I know that this probably isn’t what you are expecting, but this blog post is going to be about basketball (don’t worry though if you aren’t a sports fan, because there is going to be something in this for you too.) Along with about 90 percent of the rest of the American population, I spent the last four days (along with doing some other things) watching March Madness. The enormous tournament, in my opinion, is one of the top three sporting events each year because anything can happen. In the NBA Playoffs, which are set up to be a seven game series for each match up, the best team always wins the series because of the number of games. In March Madness however, any team can beat any team on any given day, and the loser goes home. “One and done,” as it’s called. If the teams that are the lower seeds can come out and have an amazing day shooting the ball or get all of the bounces, and that is what leads to major upsets. Just ask Iowa State or Baylor.
Anyways, watching the tournament got me thinking. The media, polls, and selection committee select the teams that they believe are best equipped to win the title, and when everyone tells the lower seeded teams that they are going to lose, but nevertheless they still show up and play.
So why? Why do they do it? I’m sure that the number sixteen seed Hampton wasn’t overly thrilled to play undefeated Kentucky in the first round, but still they did. While on paper it looked like Kentucky would completely destroy Hampton (there was an over 6 inch difference between the average height of the starters between the two teams, Hampton still played hard and held their own with the giants from UK. A similar situation came in the third round when eight-seed NC State faced one-seed Villanova on Saturday night, but in the end NC State advanced to the sweet sixteen after they toppled the giant. Although both of these underdogs didn’t win, they both played for the same reason: anything can happen.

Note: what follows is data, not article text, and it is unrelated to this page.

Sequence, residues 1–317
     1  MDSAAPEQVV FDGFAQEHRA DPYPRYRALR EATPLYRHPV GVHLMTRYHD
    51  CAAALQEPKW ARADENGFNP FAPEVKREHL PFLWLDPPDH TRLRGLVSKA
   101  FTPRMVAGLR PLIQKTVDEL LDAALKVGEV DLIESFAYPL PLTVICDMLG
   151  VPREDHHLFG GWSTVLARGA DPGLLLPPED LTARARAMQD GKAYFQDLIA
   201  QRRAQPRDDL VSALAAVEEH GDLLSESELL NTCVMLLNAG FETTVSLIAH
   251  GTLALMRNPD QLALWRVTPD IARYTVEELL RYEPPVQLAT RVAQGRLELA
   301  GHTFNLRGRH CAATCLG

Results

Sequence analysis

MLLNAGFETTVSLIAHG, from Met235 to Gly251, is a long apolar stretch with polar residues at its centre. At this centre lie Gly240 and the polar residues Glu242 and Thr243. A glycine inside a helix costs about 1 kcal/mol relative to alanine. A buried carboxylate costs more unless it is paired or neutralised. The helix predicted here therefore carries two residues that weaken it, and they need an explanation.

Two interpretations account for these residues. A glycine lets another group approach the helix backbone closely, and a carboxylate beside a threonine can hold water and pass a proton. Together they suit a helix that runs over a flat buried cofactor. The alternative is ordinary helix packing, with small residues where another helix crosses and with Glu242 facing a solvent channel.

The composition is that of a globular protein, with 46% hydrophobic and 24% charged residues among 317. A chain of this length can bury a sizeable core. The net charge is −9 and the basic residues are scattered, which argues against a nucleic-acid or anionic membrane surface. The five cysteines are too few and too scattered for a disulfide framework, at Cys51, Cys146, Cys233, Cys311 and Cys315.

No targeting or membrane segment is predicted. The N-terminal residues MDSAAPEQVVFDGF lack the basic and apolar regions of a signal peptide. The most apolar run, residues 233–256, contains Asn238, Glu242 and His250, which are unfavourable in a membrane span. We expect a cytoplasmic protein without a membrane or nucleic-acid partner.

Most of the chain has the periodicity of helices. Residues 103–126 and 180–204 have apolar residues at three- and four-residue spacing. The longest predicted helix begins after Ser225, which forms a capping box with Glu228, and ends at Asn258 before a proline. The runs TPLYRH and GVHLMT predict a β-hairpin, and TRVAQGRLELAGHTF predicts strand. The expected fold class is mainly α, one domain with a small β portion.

The point I’m trying to make is don’t let anybody tell you what you can and cannot do. Don’t listen to the voices on the outside. Whether everyone expects you to succeed (one-seeds), or no one thinks you can make it (underdogs), anything is possible. To succeed, no matter what “seed” you consider yourself, you will have to work as hard as possible at chasing whatever goal you are pursuing, that’s for certain. But don’t give up hope. Even if nobody thinks you can accomplish your goals, don’t give up. Successful people are not always the most talented or brilliant, but they are never the laziest. I don’t know how many times I was told that I was too young to publish a novel, but still I made it happen. The same is possible for anybody else. Shoot for the stars, and no matter what you are told, you can reach your goal.